ElectronicTextile Antennas

Award Information
Agency: Department of Defense
Branch: Army
Contract: W31P4Q-08-C-0366
Agency Tracking Number: 02SB1-0218
Amount: $2,989,910.00
Phase: Phase II
Program: SBIR
Solicitation Topic Code: SB021-014
Solicitation Number: 2002.1
Solicitation Year: 2002
Award Year: 2008
Award Start Date (Proposal Award Date): 2008-06-23
Award End Date (Contract End Date): 2011-10-31
Small Business Information
210 Airport Street, Quonset Point, North Kingstown, RI, 02852
HUBZone Owned: N
Woman Owned: N
Socially and Economically Disadvantaged: N
Principal Investigator
 William Weedon
 (401) 295-0062
Business Contact
 William Weedon
Title: President/CEO
Phone: (401) 295-0062
Email: whw@appliedradar.com
Research Institution
Long-duration wide-area surveillance missions increasingly are space-based. MEO orbits offer space-based radar systems more time on station, but require very large array apertures on the order of 100m in diameter. Achieving larger apertures with smaller, lighter launch packages and stable on-orbit pointing is a challenge that E-Textiles promises to meet. Textile processes can be used to achieve a low-cost, lightweight array capable of being stowed in a launch vehicle and deployed in orbit. During Phase I, we demonstrated the feasibility of E-Textile antennas by constructing and testing an assortment of multilayer antenna and feed modules. Copper wire and stainless steel yarns were hand-embroidered onto codura, vinyl coated canvas and fiberglass and stitched together with foam and knit spacer fabrics to form textile-based microstrip patch antennas. Our Phase II work will build this E-textile technique using computer-controlled industrial embroidering machines to build up more sophisticated arrays with tolerances and repeatability afforded by a computer-automated textile process. We will also investigate alternative E-textile methods such as nonwovens and custom metallic knits for building space-based antennas. The design will culminate in the construction of a 1m x 1m subarray that can be used to form a 4m x 100m array in a tile-architecture.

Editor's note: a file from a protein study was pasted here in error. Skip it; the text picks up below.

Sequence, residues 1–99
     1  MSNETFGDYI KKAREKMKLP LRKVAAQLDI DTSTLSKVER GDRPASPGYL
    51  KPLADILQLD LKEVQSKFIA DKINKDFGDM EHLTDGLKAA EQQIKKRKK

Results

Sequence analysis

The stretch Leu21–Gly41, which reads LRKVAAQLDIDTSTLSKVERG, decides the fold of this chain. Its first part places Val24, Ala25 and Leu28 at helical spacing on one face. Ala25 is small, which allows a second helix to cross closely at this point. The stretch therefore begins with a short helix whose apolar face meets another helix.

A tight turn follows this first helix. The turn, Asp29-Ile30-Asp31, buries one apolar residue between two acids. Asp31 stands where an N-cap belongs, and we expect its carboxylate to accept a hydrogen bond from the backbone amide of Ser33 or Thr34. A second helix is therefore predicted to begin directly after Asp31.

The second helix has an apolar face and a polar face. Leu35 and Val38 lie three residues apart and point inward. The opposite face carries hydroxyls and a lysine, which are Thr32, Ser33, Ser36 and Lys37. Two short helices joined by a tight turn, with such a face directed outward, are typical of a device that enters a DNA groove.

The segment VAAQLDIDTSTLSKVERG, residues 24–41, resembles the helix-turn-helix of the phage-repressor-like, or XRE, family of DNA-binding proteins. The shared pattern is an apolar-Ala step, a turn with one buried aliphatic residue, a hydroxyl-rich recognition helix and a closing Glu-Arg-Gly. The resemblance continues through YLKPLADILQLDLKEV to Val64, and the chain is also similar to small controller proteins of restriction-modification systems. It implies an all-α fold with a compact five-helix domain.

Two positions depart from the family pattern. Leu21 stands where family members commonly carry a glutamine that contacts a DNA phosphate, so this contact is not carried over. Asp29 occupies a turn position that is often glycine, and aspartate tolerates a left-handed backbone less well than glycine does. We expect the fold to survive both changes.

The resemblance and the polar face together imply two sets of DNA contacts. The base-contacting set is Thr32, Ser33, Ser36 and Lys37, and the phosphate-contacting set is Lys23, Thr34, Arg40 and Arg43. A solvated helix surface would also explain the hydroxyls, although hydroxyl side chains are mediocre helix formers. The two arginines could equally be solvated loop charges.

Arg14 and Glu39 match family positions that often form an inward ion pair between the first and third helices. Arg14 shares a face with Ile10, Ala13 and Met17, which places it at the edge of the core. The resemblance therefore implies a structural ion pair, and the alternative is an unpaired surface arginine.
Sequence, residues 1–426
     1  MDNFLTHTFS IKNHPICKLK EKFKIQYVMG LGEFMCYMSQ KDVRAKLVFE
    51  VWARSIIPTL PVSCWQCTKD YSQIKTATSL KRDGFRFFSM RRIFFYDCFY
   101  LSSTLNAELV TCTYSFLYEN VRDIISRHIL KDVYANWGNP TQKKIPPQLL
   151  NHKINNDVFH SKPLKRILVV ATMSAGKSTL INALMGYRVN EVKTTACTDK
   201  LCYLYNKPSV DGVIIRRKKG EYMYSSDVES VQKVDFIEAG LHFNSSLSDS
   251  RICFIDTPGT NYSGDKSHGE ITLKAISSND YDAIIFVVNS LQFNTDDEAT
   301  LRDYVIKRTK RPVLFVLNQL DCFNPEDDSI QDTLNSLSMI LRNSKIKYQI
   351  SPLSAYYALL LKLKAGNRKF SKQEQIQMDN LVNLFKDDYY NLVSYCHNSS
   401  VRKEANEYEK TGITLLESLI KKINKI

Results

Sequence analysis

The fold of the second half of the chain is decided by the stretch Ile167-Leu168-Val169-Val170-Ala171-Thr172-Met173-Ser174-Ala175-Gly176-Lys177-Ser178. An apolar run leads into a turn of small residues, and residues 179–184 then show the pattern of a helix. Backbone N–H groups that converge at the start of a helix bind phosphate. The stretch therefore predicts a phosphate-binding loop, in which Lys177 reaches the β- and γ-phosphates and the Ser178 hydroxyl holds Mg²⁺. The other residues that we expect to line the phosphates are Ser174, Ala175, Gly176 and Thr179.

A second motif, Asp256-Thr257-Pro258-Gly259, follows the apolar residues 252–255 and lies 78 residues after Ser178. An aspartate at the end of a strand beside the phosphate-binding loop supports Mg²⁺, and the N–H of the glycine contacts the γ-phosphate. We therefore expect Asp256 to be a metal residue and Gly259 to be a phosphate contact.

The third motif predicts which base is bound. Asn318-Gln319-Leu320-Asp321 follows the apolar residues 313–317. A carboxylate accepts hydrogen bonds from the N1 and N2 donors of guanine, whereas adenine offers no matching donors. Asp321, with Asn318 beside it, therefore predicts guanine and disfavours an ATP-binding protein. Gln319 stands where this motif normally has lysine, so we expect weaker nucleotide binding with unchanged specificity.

* Information listed above is at the time of submission. *

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